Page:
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Auckland Domain

Located a short distance from Auckland CBD, Auckland Domain is a mecca for relaxation and a must-see when in the region. Spread over 75 hectares of land, Auckland Domain is the oldest park in the city and is a popular destination for locals and tourists alike especially on a warm summer day. There are a number of different gardens located in the park including the Wintergardens, one of the most recognisable with the Auckland War Memorial Museum sitting at the highest point, the Formal Gardens, a display from the 1860s with exotic trees, birds and trout, the Duck Ponds, which was the first piped water supply in Auckland back in 1866 and the Band Rotunda standing there since 1912. Auckland Domain is open to the public 24 hours a day for free. There are a number of facilities on the grounds including a water fountain, toilets, sports fields and a dog exercise area located on Gum Tree Hill.
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Albert Park
Located in the heart of the CBD, Albert Park is the perfect escape from the hustle and bustle of the city scene. Easily accessible by walking paths around the city, exploring Albert Park is a definite must for visitors to the region. Open to the public 24 hours a day, there is so much to see and do in the Park. Some of the main highlights of the park include the Victorian fountain, Queen Victoria statue and the Laidlaw floral clock that was constructed in 1953. There are a number of different paths leading through the park making exploring it easy and enjoyable. In terms of facilities, the park is fitted with public toilets located between Albert Park House and the Wellesley Street East walkway.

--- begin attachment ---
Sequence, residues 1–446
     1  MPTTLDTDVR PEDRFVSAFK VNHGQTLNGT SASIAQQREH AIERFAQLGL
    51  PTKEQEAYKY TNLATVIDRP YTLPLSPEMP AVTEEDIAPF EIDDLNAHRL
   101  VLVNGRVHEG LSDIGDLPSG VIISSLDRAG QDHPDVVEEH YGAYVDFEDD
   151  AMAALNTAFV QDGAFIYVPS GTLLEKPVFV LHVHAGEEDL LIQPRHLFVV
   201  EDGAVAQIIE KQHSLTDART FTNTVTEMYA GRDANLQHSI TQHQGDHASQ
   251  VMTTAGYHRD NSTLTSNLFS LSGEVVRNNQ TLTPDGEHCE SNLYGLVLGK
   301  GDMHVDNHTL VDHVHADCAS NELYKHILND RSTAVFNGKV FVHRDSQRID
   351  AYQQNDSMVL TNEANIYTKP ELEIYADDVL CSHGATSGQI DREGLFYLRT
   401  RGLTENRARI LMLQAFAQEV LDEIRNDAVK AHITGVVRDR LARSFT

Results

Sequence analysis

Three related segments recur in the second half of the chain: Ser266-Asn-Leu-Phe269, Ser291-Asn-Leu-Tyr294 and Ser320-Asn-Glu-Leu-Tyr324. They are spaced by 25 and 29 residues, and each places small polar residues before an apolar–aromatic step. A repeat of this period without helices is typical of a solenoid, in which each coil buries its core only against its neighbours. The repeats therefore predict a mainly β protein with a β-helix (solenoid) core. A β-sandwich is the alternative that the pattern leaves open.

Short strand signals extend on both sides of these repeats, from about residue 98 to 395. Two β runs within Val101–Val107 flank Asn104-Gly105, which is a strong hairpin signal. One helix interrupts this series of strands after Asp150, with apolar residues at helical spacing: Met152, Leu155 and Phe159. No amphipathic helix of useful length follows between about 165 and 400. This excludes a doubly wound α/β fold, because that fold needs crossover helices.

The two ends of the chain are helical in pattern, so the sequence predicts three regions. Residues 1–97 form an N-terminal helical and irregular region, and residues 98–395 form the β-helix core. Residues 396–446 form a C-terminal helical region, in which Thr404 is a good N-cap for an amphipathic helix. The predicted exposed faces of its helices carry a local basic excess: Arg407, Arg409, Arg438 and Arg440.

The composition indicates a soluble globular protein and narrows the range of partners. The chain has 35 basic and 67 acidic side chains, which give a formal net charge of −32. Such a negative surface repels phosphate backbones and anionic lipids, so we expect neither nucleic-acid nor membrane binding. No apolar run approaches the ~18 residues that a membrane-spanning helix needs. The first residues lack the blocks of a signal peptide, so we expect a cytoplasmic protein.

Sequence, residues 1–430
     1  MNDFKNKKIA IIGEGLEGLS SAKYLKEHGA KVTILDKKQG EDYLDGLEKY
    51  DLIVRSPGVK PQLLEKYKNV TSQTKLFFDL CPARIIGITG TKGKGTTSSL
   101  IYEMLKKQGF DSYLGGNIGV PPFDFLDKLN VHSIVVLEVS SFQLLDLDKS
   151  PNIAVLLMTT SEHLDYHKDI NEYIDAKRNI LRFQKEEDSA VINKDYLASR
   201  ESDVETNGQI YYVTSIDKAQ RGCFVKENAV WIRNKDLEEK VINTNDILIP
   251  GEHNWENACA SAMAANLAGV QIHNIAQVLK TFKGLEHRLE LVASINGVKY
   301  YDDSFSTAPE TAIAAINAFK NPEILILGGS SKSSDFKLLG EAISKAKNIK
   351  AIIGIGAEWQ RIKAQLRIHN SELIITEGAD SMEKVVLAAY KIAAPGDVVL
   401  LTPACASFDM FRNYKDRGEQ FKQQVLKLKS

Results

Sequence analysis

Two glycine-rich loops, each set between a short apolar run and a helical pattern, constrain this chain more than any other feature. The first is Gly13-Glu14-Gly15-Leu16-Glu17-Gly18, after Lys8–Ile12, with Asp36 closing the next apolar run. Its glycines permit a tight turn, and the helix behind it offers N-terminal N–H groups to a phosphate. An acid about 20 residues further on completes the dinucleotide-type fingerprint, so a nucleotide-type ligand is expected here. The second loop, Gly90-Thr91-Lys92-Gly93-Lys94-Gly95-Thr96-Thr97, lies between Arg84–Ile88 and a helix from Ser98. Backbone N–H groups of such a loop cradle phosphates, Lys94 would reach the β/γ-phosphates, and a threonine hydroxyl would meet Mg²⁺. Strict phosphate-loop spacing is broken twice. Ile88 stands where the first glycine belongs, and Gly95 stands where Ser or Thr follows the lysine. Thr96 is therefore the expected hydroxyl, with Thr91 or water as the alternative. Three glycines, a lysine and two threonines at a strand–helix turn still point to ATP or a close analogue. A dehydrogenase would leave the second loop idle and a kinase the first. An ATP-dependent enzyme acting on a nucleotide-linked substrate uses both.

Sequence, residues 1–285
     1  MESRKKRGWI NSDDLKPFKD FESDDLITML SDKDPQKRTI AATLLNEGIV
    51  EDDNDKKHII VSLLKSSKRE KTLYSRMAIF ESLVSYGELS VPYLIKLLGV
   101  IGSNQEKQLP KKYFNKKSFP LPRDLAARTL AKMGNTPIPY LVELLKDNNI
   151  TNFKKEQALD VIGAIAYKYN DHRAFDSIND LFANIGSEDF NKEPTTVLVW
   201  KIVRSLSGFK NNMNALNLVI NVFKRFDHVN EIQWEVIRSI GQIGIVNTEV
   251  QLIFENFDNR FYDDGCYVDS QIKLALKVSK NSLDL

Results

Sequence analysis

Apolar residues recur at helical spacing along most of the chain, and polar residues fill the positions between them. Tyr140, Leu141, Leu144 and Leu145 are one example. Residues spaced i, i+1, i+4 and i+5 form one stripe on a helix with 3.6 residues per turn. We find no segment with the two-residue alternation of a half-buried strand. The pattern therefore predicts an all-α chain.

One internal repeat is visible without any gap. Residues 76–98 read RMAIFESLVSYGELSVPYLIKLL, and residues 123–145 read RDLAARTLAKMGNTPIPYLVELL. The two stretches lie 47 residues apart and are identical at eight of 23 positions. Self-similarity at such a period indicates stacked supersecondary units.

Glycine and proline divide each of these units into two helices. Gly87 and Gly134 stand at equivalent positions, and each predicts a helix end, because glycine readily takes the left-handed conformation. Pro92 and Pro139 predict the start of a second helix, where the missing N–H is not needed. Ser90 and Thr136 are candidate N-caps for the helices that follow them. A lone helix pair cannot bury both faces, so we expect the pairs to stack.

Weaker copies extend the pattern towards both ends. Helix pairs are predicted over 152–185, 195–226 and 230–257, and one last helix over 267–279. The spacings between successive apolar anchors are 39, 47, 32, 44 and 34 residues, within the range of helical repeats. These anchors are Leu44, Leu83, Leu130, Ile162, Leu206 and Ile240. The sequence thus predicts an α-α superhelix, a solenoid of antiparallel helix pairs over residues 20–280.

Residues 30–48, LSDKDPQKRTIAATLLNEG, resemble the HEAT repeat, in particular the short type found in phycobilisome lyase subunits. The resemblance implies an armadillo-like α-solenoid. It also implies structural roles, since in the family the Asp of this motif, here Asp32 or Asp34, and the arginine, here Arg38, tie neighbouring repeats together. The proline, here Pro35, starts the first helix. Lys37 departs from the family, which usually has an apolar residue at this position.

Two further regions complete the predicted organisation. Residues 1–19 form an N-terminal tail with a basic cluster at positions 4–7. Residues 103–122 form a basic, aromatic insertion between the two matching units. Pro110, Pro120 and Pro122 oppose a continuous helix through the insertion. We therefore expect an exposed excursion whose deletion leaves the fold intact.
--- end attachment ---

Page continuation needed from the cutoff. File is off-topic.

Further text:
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Sea Life Kelly Tarlton's
Take an underwater journey through the world famous SEA LIFE Kelly Tarlton's, Auckland and discover a diverse collection of aquatic life up close. See the world’s largest sub-Antarctic penguin colony display, the world’s biggest species of stingray and New Zealand’s largest collection of sharks. Journey through a unique Southern Ocean experience and marvel at our amazing live jellyfish display, find out how we work with rescued sea turtles and visit the magical Seahorse Kingdom where you’ll find the world’s only display of Spiny Sea Dragons, all these and more. For the adventurous we have thrilling Shark Cage Adventure, snorkel in our Shark Cage; Penguin Passport where you can get into our penguin enclosure, get up close and personal with penguins.
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One Tree Hill
For exceptional views of Auckland city make your way up Maungakiekie, otherwise known as One Tree Hill. Rising up 182 metres, this volcanic peak is the largest, intact volcanic cone in Auckland - apart from Rangitoto - and is a relaxing drive, walk or cycle up. The volcano is made up of three craters and a lava field that stretches all the way out to the Manukau shoreline.